York Revs Gluttony Day competitors beaten by mammoth burrito
In the end, nobody fully conquered the 7th Inning Stretch Marks Challenge. But that doesn't mean that there wasn't a winner.
Jacob Caralle, 17, a student at Central York High School, out-ate Rick Ostrowski, a native of West York, and the other seven competitors who took part in the York Revolution's eating competition on what the team hailed as Gluttony Day. Caralle walked away with a $50 Revolution gift card, while Ostrowski earned a $45 gift card for his runner-up finish.
Neither of the two finished the mammoth burrito, courtesy of Soul Burrito, which was 18 inches long and weighed 8 pounds. The winner came down to a weigh-off, with Caralle edging Ostrowski.
"It feels great to win," Caralle said. "It was worth all the effort."
Because neither contestant completed the burrito, the triple cheeseburger with Maple Donut doughnuts as buns was left uneaten. Also left on the table because nobody completed all seven dishes was the free noninvasive body-sculpting session at Lebo Skin Care.
The challenge: During Monday's Revolution game against Southern Maryland at Santander Stadium, the competitors were tasked with a challenge arguably greater than the game being played on the field.
For each of the first seven innings, the contestants — all men — were given a new dish that's offered at Santander Stadium and had to finish it before the six outs were recorded to complete each inning.
The contestants were through to the next round, or inning, if they completed the task before all outs were recorded. But if they chose to bow out because they were too full or if the inning ended before the dish was gone, they were eliminated.
Through the first three innings, none of the nine contestants had any trouble downing their courses, despite the menu offering odd combinations of foods, starting with a Legend's hot dog topped with pulled pork and cole slaw, then moving on to soft pretzel nuggets topped with chocolate syrup, caramel, peanut butter and pecans, followed by a mountain of Bricker's fries, seasoned with Old Bay and cheese sauce.
Fourth inning: By the fourth inning, the funnel cake — topped with chocolate syrup, vanilla pudding, whipped cream and a cherry on top — began taking a toll on contestants. Two ended their run at the first-place prize by bowing out, while two were eliminated as a result of an inning-ending double play.
"The funnel cake was the hardest," Ostrowski said. "The pudding made it heavy, and all the sweetness to it."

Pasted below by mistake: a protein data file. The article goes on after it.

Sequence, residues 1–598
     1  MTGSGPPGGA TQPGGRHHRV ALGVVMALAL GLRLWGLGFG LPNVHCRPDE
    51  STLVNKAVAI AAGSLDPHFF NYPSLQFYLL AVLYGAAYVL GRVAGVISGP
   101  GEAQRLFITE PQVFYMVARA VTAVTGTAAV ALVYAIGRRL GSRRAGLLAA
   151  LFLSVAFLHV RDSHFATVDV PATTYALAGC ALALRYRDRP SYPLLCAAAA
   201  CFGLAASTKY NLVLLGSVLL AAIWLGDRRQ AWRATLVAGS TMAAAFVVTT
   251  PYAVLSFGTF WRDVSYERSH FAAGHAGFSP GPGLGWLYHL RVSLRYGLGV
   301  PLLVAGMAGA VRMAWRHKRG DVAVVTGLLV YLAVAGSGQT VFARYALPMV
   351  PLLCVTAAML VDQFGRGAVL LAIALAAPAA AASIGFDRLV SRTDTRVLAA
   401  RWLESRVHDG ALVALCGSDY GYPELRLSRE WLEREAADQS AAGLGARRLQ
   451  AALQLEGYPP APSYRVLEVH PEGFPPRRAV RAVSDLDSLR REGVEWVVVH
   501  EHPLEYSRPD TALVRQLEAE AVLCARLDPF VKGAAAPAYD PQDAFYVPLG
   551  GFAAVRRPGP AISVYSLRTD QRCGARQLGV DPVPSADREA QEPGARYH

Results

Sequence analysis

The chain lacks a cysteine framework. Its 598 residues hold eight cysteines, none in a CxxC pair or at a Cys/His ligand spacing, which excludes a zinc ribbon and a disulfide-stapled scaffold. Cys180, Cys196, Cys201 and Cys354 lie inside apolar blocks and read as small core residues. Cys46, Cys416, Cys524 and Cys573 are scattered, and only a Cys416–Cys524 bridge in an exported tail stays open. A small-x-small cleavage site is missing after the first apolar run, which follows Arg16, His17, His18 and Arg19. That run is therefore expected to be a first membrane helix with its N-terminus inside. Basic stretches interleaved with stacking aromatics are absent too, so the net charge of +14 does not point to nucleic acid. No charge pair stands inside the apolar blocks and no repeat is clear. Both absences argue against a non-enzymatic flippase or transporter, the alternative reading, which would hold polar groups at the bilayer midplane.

Two more fell in the fifth inning, which was a slice of Little Caesars Pizza and a salad. Overall, three contestants made it to the sixth inning. Ben Ward, another Central York student, joined Caralle and Ostrowski in the sixth inning but quickly bowed out.
"I thought making it to the burrito was a possibility," Caralle said. "But I didn't really expect to make it to the burrito. I wanted to get to the burrito just to see the massiveness of it."
Strategy: By the third inning, the challenge started to become more mental than anything else. Contestants were just trying to block out the amount of food in their stomachs while continuing to press forward.
Multiple strategies were being used, anywhere from challengers sitting more upright to get the food down easier, to standing up. The standing-up method, utilized by York resident Chris Mummert, didn't quite help, as Mummert was the first one to be eliminated by the funnel cake.
"It's pretty sad," he said of being the first one eliminated. "I felt like I was one of the hopefuls because I'm a big guy, but now I'm the first one out."
He still walked away with a $10 Revolution gift card. Each contestant received the gift card, but the amounts increased by $5 increments the longer people lasted.
Contestants hoped for long top halves of the innings and quicker bottom halves. The reason? More time to eat the food in the top half and a short rest period in the bottom half, but not too long to let the food start digesting and fill up their stomachs.
A total of four contestants were eliminated for not getting their food down before an inning ended, products of multiple double plays turned during the game.
Stadium food: While the competitors were the ones who had the chance to gorge themselves with the food, an interesting aspect of the challenge is that each item was a product of a vendor at Santander Stadium.
Certain items in the challenge are available at the stadium during games, while others could be brought in for a game or a series later in the season.
— Reach Patrick Strohecker at firstname.lastname@example.org